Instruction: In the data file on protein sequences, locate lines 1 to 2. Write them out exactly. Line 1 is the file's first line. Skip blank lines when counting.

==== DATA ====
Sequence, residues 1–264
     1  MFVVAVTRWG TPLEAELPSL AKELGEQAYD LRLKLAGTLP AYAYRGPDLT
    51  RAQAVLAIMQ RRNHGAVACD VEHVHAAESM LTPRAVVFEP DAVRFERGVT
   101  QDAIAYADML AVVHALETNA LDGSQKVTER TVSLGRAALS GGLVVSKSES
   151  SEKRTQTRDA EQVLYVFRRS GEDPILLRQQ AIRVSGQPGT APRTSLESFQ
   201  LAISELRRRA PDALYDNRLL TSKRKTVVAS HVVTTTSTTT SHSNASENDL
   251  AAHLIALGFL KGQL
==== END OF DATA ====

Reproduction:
Sequence, residues 1–264
     1  MFVVAVTRWG TPLEAELPSL AKELGEQAYD LRLKLAGTLP AYAYRGPDLT